I made a One Sheet. What's a One Sheet you might ask?
According to Wikipedia, "In the entertainment industry, a one-sheet or one sheet is a single document that summarizes a product for publicity and sales."
I'm scheduled to film my interviews on Friday. Right now I'm just organizing my b-roll. As well, I'm working on a shot list for my shoot on Saturday and Sunday at the film festival.
Since I’m doing a mini doc for my project it involves me conducting interviews. In the past, when we had to do our mini docs for Full Sail, one of the issues I had was not talking to the talent when asking them a question. It was super difficult to not say “uh-huh,” like you do in normal conversation. For that particular project, the space was very small and the talent couldn’t really make eye contact with me, so that made it even more difficult. I think that my talent felt kind of awkward just ranting in front of a camera. Without me verbally agreeing with them, I felt like they would cut their answer short. Has anyone else experienced this? I haven’t really found a good way to deal with it.
One tip I will offer is to always carry around your Full Sail student ID. It's saved me many times when people want to see credentials. Most states allow students to film with no permit necessary if you can show you're a student. I usually print my assignment as well, to show anyone who asks what I'm doing. An example of this would be when I was filming outside a public library, who gave me permission to shoot there. A police officer just happened to be driven by and asked what I was doing. Once I showed them my paperwork, they moved on. It was a real time saver. If you live by the school, you should be able to get them their. Since I don't, I got mine by filling out a form on Full Sail's website. (They're also useful for getting student prices for submitting to film festivals!)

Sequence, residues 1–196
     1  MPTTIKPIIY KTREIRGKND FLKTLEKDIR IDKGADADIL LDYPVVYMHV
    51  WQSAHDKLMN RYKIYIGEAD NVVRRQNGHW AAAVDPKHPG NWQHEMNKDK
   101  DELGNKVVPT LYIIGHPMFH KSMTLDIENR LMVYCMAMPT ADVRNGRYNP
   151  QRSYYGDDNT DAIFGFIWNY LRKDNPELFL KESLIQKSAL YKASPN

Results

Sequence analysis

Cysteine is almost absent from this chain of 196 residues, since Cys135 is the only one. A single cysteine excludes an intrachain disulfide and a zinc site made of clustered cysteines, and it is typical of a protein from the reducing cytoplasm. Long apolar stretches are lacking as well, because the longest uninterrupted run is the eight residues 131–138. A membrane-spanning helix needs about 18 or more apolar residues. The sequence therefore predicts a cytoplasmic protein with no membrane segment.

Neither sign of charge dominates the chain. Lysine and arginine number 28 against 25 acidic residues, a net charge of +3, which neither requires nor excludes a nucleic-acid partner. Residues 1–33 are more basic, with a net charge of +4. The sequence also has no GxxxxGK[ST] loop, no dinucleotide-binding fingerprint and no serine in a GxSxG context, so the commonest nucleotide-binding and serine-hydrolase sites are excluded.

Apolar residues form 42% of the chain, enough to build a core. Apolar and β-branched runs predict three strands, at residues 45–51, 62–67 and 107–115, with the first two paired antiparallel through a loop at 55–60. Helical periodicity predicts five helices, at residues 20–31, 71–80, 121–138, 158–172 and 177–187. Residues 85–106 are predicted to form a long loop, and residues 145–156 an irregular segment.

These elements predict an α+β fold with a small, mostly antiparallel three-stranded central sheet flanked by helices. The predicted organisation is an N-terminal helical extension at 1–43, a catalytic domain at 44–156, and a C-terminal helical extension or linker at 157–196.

Last Saturday and Sunday I shot some footage of the cast and crew of the documentary, One Vote, at the Nashville Film Festival. Possibly one of the strangest parts was bringing a camera into a movie theater, considering that’s a usually a big no-no. I was apprehensive in spite of having permission from the film festival. I also wasn’t the only one filming. One problem I encountered while filming on their red carpet was the strange white balance issue I was having. Everything was sort of purpled colored and I couldn't really seem to fix it. Has anyone else experienced this? It’s also difficult to fix in post.
As I posted last week, I also shot my interviews early Saturday. My plan was in to shoot in the basement, so it would be quiet. However, unlike Illinois, I don’t think Nashville requires basements, because this very nice condo the cast stayed in, didn’t have one. I used the mic we received in our launchbox and attached it to a mic stand I got whilst in Nashville. It did a great job acting as a boom pole operator since my crew was so limited. There was a little bit of chatter in the background, but the mic worked really well to eliminated it. My background was also pretty boring. I wish I could have done better. I had originally planned put the film poster in the background, but didn't think I should put tape on the walls since this was someone's home (originally, we planned to shoot in a hotel but instead used an Air B&B). I had also wanted to interview everyone in different locations, but that also wasn't possible.
Here’s my lighting and mic set up. I interviewed about 8 different people, some in groups.
Here's how it looked on screen. I was really happy with the hair light.